Thursday, June 21, 2012 11:14 AM
“At a time like this... we must navigate our way with a single, sharp and clear compass and a vision for a better tomorrow...as human beings, as Jews, as Israelis.” - Shimon Peres
Shimon Peres. Photo: KKL- JNF Photo Archive
“At a time like this, when the world is in upheaval, and the present is foggy, we must navigate our way with a single, sharp and clear compass and a vision for a better tomorrow, a tomorrow toward which we can honorably march, as human beings, as Jews, as Israelis.” Thus spoke the President of the State of Israel, Shimon Peres
, at the opening of the Presidential Conference
The Fourth Presidential Conference, entitled Facing Tomorrow
, is a meeting place for world leaders, academics, scientists, artists, clergy, entrepreneurs and representatives of the younger generation
of leaders. The Conference includes plenary sessions as well as a variety of panels, roundtables and study forums dealing with a broad spectrum of topics, with the participation of the best minds in every field.
The Conference is addressing diverse questions such as: Where is the Middle East heading? Will the world economic crisis get worse? Where are the social protests in Israel and elsewhere leading us? How are scientific and technological developments affecting our lives? Also, of course: How will the destiny of the Jewish people and State of Israel be affected by the changing global trends?
The issues present a complicated leadership challenge. The Fourth Presidential Conference is addressing these issues not only in order to define the challenges but also in order to indicate solutions that can lead to a better tomorrow for Israel, for the Jewish people and for all of humanity. President Peres expressed his belief that “the insights and ideas that emerge from the Conference will help all of us create a better tomorrow.”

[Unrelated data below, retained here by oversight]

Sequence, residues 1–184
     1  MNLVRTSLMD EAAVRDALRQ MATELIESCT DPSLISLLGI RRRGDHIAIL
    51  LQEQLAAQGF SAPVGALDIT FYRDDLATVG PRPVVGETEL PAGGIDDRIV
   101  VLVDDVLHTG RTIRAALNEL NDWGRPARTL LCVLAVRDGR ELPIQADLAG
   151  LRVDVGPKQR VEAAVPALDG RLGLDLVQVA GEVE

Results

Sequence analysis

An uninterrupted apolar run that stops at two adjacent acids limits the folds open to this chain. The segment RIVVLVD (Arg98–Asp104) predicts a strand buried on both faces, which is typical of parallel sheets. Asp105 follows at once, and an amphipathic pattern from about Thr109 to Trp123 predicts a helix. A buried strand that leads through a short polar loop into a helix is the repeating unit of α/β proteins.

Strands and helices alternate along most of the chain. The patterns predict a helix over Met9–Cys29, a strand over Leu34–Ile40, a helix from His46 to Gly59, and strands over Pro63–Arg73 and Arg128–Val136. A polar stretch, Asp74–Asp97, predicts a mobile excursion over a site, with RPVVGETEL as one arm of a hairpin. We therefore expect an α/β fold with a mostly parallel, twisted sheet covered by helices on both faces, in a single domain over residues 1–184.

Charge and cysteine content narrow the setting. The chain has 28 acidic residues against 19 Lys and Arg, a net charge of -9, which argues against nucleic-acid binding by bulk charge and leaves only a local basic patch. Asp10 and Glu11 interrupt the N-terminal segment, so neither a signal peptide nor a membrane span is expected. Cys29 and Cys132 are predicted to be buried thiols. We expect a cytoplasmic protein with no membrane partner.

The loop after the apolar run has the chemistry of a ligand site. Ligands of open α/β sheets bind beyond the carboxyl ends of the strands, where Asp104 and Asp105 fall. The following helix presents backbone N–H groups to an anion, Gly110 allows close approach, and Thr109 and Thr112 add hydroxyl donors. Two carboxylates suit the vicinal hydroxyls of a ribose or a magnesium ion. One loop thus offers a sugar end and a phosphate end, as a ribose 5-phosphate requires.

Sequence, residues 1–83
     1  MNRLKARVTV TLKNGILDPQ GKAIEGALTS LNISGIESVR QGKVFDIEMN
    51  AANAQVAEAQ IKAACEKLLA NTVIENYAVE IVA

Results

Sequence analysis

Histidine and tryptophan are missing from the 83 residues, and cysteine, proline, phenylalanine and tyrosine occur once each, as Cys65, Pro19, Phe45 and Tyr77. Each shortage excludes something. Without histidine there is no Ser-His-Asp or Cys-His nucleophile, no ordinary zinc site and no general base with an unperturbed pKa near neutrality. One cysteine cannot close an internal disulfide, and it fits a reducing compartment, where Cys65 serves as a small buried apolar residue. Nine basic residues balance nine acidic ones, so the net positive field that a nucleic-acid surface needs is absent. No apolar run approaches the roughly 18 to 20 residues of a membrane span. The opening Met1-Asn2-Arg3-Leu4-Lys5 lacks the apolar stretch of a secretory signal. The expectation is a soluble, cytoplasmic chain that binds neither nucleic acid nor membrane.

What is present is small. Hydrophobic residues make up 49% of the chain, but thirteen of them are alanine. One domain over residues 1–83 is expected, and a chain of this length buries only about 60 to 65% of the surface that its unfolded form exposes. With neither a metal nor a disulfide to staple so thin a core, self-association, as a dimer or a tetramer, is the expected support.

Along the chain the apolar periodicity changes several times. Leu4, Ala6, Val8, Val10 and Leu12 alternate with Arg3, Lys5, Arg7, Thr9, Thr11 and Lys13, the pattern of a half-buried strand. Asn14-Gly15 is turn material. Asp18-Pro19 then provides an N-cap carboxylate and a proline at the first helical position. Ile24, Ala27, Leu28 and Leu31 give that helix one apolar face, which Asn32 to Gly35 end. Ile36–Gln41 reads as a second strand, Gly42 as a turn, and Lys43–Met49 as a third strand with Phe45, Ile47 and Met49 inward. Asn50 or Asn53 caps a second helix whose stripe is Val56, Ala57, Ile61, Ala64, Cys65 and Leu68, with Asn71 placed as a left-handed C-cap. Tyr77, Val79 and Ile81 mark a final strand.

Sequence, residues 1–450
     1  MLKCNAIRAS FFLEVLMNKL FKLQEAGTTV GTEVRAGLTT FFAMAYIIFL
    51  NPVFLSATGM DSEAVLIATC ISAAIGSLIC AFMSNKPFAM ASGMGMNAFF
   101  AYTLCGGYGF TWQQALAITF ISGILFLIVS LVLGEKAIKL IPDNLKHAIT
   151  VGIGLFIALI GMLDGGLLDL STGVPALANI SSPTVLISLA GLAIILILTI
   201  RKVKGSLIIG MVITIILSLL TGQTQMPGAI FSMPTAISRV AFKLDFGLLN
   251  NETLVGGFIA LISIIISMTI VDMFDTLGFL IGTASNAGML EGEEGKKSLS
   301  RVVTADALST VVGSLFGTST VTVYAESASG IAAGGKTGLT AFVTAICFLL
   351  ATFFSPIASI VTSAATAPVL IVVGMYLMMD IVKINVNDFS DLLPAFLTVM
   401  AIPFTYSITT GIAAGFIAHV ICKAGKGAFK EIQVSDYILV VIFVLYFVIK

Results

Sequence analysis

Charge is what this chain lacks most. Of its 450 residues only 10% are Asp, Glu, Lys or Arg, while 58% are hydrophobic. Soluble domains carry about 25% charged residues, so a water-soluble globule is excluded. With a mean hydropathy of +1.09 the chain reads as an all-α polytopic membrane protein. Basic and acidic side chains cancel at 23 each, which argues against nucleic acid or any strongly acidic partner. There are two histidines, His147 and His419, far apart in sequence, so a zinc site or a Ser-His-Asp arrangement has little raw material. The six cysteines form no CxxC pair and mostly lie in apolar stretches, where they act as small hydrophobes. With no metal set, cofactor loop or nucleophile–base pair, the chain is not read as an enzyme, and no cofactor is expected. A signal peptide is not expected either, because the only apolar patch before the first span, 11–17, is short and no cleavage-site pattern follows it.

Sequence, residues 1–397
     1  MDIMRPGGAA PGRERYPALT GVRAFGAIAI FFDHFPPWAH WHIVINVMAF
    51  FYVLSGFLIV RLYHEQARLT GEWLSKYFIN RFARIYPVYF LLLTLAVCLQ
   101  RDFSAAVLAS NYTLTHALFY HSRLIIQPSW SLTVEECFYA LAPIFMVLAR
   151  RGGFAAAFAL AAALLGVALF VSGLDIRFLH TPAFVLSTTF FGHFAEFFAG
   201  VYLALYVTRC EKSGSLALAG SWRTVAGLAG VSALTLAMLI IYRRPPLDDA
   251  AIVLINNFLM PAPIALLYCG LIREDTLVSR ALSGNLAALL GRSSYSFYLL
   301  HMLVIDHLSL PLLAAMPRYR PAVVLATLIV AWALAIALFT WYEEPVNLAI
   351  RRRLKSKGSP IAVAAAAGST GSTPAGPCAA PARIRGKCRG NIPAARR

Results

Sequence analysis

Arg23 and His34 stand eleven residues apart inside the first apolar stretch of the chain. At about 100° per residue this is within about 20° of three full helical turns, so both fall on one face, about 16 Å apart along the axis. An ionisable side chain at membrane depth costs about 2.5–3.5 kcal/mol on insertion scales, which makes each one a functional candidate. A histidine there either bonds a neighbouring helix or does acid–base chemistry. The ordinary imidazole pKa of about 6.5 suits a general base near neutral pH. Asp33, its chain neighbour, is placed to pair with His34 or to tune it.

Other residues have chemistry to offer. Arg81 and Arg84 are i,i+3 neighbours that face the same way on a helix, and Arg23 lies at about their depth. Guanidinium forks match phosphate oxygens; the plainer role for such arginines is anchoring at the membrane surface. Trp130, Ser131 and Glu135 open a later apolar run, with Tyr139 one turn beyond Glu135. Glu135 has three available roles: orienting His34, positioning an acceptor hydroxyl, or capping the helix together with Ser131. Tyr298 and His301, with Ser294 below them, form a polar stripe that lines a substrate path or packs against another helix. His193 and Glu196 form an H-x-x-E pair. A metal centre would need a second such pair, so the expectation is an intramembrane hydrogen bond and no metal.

The first day of the Conference included a plenary session about The Compass Guiding us to Tomorrow, in which President Peres; Tony Blair, former Prime Minister of Britain; and Henry Kissinger, former US Secretary of State, took part. Among the people attending were KKL-JNF World Chairman Efi Stenzler, co-Chairman Eli Aflalo, members of the board, and senior executives.
Another discussion entitled My Recipe for a Better Tomorrow presented the main opportunities and challenges of our era. Participants included Prof. Daniel Kahneman, Nobel laureate in economics; Keren Leibovitch, Paralympic swimming champion; Eric Schmidt, former CEO of Google; Yuri Milner, hedge fund investor; Dr. Yossi Vardi, developer; and Dr. Ruth Westheimer, psychosexual therapist.
KKL-JNF Booth at Presidential Conference – Wishes for a Greener and Better Future
Efi Stenzler makes a wish. Photo: KKL-JNF Photo Archive
Making a wish. Photo: KKL-JNF Archive
In the exhibition hall, where diverse organizations were showcasing their work, KKL-JNF set up a unique booth, where visitors were invited to write their wishes for a greener future. The visitors then hung their wishes on trees in the three colors of KKL-JNF—green, blue and brown
. Visitors to the booth included KKL-JNF World Chairman Efi Stenzler, who expressed his wish for a greener future.
The tree filled up with wishes very quickly, with personal requests, wishes for Israel and prayers for a better world. Among the wishes expressed by visitors at the KKL-JNF booth were:
Alongside the personal wishes were KKL-JNF’s wishes for realizing its goals in the various fields of its work for the benefit of the citizens of Israel and mankind in general.
Strategic View to Tomorrow – to Initiate and to Act
The second day of the Conference began with a plenary session addressing the subject of A Strategic Vision for Tomorrow. The discussion dealt with coping with the crises and dilemmas that are so prevalent in our times, and their influence on the way tomorrow will look—for the world, for Jews, for Israel.